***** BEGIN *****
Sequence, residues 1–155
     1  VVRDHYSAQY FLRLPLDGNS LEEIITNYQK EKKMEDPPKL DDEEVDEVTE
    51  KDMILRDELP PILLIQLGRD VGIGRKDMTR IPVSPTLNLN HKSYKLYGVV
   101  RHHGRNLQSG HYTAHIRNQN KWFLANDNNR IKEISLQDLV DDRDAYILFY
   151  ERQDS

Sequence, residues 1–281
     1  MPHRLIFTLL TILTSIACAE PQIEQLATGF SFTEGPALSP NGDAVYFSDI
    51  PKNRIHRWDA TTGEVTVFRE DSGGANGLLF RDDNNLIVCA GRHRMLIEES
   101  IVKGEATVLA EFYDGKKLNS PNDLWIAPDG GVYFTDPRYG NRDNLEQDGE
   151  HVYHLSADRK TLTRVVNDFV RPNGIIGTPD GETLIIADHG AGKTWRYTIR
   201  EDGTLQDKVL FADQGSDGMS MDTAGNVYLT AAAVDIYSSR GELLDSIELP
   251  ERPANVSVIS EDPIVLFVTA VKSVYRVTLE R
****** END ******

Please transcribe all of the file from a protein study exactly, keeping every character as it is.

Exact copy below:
Sequence, residues 1–155
     1  VVRDHYSAQY FLRLPLDGNS LEEIITNYQK EKKMEDPPKL DDEEVDEVTE
    51  KDMILRDELP PILLIQLGRD VGIGRKDMTR IPVSPTLNLN HKSYKLYGVV
   101  RHHGRNLQSG HYTAHIRNQN KWFLANDNNR IKEISLQDLV DDRDAYILFY
   151  ERQDS

Sequence, residues 1–281
     1  MPHRLIFTLL TILTSIACAE PQIEQLATGF SFTEGPALSP NGDAVYFSDI
    51  PKNRIHRWDA TTGEVTVFRE DSGGANGLLF RDDNNLIVCA GRHRMLIEES
   101  IVKGEATVLA EFYDGKKLNS PNDLWIAPDG GVYFTDPRYG NRDNLEQDGE
   151  HVYHLSADRK TLTRVVNDFV RPNGIIGTPD GETLIIADHG AGKTWRYTIR
   201  EDGTLQDKVL FADQGSDGMS MDTAGNVYLT AAAVDIYSSR GELLDSIELP
   251  ERPANVSVIS EDPIVLFVTA VKSVYRVTLE R